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The Northern Spotted Owl and the Northwest Forest Plan

Eric Kloster


  • Delves into the Northwest Forest Plan and its four major parts.
  • Looks at the Plan as an example of a legal compromise between Native American tribes, environmental activists, rural governments, federal agencies, and the timber industry.
The Northern Spotted Owl and the Northwest Forest Plan
Brian Handy via Getty Images

The Northwest Forest Plan was created through the efforts of federal agencies, environmental groups, Native American tribes, local governments, and the president of the United States. The Northwest Forest Plan was enacted to balance habitat protection of threatened species and the financial concerns of timber companies and rural communities. The plan is an example of how interagency coalitions can work with businesses, local activists, and municipal leaders to construct a lasting compromise. 

In 1988, the Forest Service amended its Pacific Northwest regional guide when the agency issued a record of decision (ROD). The amendments provided forestry standards for promoting the viability of the northern spotted owl. Seattle Audubon Soc. v. Evans, 952 F.2d 297, 300 (1991). There are 24 million acres of federal lands in Washington, Oregon, and Northern California that are within the geographic range of the northern spotted owl. Seattle Audubon Soc. v. Lyons, 871 F.Supp. 1291, 1300 (1994). A conservation plan was proposed for the spotted owl in 1990 by an interagency scientific committee (ISC). Id. at 1301. In 1991, the Ninth Circuit held that the Forest Service could not abandon plans to maintain a viable population of the owl as required by the National Forest Management Act (NFMA) regulations simply because the Fish and Wildlife Service added the species to the endangered species list under the Endangered Species Act. Seattle Audubon Soc. v. Evans, 952, F.2d 297, 301–02 (1991). the NFMA regulation’s main purpose was to manage the forest to maintain a viable population of existing species, regardless of whether the animal or its habitat is considered threatened or endangered. Seattle Audubon Soc. v. Lyons, 871 F.Supp. 1291, 1316 (1994).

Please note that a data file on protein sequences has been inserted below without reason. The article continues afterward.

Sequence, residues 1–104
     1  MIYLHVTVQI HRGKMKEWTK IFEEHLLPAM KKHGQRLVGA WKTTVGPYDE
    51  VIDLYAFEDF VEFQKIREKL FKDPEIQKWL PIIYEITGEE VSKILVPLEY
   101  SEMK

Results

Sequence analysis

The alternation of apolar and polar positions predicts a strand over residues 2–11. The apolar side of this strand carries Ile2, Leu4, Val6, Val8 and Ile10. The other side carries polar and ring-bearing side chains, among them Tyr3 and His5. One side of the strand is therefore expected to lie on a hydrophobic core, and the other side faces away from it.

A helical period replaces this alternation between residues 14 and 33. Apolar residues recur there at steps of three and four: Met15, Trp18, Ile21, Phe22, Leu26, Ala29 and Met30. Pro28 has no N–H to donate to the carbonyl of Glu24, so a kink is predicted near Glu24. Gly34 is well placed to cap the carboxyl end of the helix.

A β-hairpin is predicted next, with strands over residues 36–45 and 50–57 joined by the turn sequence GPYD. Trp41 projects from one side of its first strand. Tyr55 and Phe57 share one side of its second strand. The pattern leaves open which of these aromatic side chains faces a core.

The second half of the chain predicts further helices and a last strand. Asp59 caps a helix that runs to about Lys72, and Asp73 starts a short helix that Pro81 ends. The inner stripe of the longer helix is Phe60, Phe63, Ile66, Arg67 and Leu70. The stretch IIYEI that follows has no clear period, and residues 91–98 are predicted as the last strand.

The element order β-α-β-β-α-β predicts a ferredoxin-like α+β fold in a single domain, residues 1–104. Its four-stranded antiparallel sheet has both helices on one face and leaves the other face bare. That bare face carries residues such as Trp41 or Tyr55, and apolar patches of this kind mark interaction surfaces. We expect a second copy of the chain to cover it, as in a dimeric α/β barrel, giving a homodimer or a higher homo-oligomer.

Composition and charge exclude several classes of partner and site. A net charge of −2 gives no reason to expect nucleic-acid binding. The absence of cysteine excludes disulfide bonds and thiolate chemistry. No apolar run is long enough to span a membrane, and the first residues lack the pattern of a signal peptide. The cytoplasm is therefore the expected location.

The Forest Service published a supplemental environmental impact statement (EIS) in January 1992 and in March 1992 the agency adopted an ROD establishing guidelines for managing forests within the owl’s range. Id. at 1301. Later that year, Judge Dwyer held that the Final EIS and the ROD did not meet the requirements of the National Environmental Policy Act (NEPA). Seattle Audubon Soc. v. Moseley, 798 F.Supp. 1473, 1484 (1992). The court enjoined the agency to prepare a new or supplemental EIS solving the NEPA violations and the agency was ordered to stop awarding timber sales in regions that would log suitable habitat for the northern spotted owl. Seattle Audubon Soc. v. Lyons, 871 F.Supp. 1291, 1301 (1994).